Armistice



a temporary suspension of hostilities by agreement of the warring parties; truce:
World War I ended with the armistice of 1918.
Contemporary Examples

armistice lines (and more occupied territories) are still the de facto barriers between Israel and Lebanon and Syria.
Yousef Munayyer Responds to His Critics Yousef Munayyer March 29, 2012

The borders of Israel between 1949 and 1967, created by armistice agreements, were even less acceptable to the party.
Draw the Line: How Israel Erases Itself Gershom Gorenberg March 25, 2012

He further proclaimed that the 1949 armistice lines “between us and Egypt are vanished and dead.”
Time to Talk Tough With Israel Kai Bird March 21, 2010

The armistice lines—Israel’s pre-1967 borders—were only de facto, not de jure, boundaries.
Israel Needs a Palestinian State Gershom Gorenberg September 18, 2011

The fighting had stopped with nothing more solid than an armistice.
Between Two Catastrophes: Look at Syria, and Question Everyone’s Stories about 1948 Gershom Gorenberg September 22, 2013

Historical Examples

The English asked fifteen days’ armistice to consider the proposal in.
Personal Recollections of Joan of Arc Mark Twain

On the 9th, Nelson landed again, to conclude the terms of the armistice.
The Life of Horatio Lord Nelson Robert Southey

The armistice to bury the dead expired on the 13th, and a Boer commando had been sighted to the west.
With Methuen’s Column on an Ambulance Train Ernest N. Bennett

A difficulty arose respecting the duration of the armistice.
The Life of Horatio Lord Nelson Robert Southey

There was no unpleasant possibility of having to make common cause and proclaim an armistice.
The Fifth Form at Saint Dominic’s Talbot Baines Reed

noun
an agreement between opposing armies to suspend hostilities in order to discuss peace terms; truce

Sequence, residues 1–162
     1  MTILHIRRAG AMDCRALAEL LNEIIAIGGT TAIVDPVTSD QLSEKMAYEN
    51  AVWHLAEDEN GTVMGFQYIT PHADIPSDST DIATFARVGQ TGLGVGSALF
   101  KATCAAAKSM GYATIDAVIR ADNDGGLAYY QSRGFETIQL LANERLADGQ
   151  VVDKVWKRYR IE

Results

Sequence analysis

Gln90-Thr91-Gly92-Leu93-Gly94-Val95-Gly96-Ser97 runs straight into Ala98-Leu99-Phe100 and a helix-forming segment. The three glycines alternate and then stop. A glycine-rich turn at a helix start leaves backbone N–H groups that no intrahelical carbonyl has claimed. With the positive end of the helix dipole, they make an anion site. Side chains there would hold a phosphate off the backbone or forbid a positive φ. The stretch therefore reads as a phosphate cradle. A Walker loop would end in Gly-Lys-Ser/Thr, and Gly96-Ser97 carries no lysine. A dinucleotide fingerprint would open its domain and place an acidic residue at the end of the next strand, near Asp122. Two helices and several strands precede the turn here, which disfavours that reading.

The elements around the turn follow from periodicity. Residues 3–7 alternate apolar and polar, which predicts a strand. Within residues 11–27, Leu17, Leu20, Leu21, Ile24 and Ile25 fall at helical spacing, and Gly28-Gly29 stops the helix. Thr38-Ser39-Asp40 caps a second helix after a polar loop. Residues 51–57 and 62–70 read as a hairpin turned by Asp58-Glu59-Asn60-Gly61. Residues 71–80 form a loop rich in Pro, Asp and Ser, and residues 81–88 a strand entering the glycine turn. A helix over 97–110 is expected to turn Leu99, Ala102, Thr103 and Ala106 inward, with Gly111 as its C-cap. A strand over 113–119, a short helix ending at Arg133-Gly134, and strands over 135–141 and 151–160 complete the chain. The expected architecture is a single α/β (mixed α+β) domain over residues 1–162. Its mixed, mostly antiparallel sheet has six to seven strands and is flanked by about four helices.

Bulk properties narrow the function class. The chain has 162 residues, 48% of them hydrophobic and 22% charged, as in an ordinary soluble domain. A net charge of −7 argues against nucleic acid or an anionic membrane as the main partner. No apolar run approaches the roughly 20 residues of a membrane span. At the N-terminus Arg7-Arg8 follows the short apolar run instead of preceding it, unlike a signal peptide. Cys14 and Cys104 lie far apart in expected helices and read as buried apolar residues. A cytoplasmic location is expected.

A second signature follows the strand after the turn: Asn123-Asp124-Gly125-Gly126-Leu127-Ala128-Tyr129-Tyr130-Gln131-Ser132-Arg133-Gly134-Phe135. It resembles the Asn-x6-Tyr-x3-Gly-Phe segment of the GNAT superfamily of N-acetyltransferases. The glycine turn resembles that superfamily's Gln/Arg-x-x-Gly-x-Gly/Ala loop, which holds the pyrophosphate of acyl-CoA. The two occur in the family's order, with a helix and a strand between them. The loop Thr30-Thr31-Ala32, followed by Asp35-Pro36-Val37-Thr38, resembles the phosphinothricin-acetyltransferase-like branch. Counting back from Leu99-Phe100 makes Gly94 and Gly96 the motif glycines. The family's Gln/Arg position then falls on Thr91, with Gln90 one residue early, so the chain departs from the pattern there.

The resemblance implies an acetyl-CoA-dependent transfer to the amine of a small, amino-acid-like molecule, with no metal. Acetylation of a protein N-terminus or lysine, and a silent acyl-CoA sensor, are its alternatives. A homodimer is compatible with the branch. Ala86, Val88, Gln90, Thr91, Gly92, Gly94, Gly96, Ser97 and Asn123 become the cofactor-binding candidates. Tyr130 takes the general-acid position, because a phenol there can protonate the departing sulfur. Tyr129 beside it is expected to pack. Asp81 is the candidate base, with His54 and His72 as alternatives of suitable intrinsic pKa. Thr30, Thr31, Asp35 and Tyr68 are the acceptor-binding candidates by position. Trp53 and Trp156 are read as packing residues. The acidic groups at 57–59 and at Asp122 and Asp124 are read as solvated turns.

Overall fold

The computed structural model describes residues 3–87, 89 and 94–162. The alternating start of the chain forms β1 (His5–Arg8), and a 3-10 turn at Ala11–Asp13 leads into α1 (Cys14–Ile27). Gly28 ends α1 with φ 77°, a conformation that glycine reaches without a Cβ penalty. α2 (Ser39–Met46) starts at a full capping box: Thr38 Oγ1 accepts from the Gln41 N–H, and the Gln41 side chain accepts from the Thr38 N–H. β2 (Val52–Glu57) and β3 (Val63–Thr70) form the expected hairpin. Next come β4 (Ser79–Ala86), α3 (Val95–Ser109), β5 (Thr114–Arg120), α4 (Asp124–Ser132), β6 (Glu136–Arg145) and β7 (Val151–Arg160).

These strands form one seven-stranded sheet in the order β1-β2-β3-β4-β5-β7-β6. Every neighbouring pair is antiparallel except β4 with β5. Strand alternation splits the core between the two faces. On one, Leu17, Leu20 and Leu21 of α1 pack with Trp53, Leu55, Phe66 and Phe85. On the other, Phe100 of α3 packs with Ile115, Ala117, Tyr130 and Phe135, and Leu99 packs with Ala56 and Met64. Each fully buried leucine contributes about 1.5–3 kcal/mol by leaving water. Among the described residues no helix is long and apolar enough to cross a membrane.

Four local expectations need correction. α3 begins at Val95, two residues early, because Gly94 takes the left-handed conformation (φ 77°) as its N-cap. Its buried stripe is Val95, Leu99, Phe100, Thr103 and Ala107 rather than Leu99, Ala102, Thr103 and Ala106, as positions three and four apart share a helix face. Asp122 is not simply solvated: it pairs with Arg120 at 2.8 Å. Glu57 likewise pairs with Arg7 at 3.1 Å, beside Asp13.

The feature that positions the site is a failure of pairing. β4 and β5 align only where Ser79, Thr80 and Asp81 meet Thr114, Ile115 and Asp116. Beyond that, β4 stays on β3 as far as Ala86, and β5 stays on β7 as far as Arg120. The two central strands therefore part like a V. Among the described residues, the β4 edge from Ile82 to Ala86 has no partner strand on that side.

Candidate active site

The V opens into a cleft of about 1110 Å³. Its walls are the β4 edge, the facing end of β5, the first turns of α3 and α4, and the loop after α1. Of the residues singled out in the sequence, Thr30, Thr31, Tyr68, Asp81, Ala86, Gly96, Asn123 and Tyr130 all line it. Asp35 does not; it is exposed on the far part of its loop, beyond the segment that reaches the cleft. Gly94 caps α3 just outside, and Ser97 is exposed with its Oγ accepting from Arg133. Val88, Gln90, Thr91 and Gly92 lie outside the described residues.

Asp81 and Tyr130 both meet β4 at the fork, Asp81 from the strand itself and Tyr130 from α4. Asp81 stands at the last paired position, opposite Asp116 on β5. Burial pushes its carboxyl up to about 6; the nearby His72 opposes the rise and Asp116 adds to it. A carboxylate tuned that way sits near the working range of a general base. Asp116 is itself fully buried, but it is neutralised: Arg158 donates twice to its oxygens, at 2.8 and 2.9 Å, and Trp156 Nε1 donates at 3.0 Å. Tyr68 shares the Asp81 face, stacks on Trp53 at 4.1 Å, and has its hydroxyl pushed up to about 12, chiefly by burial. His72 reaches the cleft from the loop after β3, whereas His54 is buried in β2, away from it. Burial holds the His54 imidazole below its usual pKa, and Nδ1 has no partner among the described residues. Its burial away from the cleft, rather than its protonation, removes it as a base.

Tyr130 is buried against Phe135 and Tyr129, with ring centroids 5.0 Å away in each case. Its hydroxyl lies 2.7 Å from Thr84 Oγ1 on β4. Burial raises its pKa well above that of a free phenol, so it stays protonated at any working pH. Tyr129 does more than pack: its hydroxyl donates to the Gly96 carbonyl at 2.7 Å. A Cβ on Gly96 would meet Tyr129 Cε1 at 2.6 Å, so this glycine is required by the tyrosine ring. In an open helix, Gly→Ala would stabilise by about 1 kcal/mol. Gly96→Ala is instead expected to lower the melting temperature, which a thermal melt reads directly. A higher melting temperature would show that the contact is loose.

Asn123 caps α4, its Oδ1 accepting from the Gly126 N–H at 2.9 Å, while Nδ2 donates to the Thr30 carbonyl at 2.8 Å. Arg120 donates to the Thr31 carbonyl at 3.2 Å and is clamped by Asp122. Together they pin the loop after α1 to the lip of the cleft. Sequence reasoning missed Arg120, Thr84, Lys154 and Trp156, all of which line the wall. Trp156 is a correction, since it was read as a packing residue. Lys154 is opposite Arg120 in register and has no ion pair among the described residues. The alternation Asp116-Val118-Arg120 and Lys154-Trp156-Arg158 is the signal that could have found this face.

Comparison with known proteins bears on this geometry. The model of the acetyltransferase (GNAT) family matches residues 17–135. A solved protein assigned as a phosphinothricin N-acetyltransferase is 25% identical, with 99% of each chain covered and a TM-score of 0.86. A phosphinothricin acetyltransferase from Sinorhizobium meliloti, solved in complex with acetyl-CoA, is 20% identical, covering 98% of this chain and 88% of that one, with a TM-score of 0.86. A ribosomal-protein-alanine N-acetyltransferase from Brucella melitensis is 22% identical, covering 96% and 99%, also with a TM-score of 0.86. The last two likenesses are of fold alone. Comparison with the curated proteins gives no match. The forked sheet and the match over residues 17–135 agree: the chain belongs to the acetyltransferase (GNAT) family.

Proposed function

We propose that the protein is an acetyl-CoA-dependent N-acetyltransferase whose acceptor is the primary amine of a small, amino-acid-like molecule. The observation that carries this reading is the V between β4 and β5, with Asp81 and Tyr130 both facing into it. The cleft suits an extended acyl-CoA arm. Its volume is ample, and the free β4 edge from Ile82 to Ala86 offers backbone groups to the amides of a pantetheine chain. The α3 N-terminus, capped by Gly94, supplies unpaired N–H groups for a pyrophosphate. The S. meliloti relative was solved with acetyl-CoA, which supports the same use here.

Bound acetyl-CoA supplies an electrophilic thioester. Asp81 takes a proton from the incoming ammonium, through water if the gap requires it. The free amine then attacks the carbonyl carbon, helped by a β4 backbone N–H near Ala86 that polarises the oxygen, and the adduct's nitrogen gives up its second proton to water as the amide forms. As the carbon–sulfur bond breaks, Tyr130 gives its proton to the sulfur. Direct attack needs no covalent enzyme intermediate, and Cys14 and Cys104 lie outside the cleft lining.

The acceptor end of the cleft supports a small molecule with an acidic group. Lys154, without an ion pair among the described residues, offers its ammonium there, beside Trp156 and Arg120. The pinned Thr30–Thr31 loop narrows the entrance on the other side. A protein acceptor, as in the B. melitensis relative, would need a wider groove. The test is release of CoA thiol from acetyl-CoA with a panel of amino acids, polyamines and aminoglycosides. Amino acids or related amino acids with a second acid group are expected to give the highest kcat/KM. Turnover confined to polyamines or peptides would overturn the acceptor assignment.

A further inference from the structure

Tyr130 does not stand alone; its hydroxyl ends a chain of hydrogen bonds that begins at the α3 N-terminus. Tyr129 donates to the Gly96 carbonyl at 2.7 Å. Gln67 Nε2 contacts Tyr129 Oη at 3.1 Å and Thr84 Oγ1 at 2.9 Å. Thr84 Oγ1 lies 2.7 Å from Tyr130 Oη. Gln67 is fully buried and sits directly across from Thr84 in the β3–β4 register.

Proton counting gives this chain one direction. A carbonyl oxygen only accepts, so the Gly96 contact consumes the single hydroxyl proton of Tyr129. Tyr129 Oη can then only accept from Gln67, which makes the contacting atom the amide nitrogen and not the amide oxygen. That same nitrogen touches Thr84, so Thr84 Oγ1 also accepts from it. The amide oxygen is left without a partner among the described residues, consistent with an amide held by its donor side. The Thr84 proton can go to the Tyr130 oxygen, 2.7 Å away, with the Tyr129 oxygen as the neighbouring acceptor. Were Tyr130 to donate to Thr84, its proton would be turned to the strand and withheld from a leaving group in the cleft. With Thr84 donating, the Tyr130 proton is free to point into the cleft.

n.

1707, from French armistice (1680s), coined on the model of Latin solstitium (see solstice), etc., from Latin arma “arms” (see arm (n.2)) + -stitium (used only in compounds), from sistere “cause to stand” (see assist).

The word is attested in English from 1660s in the Latin form armistitium. German Waffenstillstand is a loan-translation from French. Armistice Day (1919) marked the end of the Great War of 1914-18 on Nov. 11, 1918. In Britain, after World War II, it merged with Remembrance Day. In U.S., Armistice Day became a national holiday in 1926. In 1954, to honor World War II and Korean War veterans as well, it was re-dubbed Veterans Day.

Tagged:

Read Also:

  • Armistice day

    former name of . Historical Examples Nothing of the sort, however, could be unearthed by the most diligent search until the Armistice Day of 1963. The Brain Alexander Blade It was a part of the Armistice Day fervor, but I believed it. The Log-Cabin Lady, An Anonymous Autobiography Unknown noun the anniversary of the signing […]

  • Armistices

    a temporary suspension of hostilities by agreement of the warring parties; truce: World War I ended with the armistice of 1918. Historical Examples We can only during the night, when there are armistices, go forth with the lantern on the field of death to bury the dead. The Prose Writings of Heinrich Heine Heinrich Heine […]



  • Armen.

    .

  • Armless

    lacking an or : The Venus de Milo is an armless statue. Contemporary Examples All that was left of the corpse was a headless, armless torso with one leg, still wearing a stiletto-heeled boot. Headless Torso Found in Venice Lagoon Barbie Latza Nadeau June 1, 2013 Historical Examples I didn’t think as ‘ow even ‘Enery […]



Disclaimer: Armistice definition / meaning should not be considered complete, up to date, and is not intended to be used in place of a visit, consultation, or advice of a legal, medical, or any other professional. All content on this website is for informational purposes only.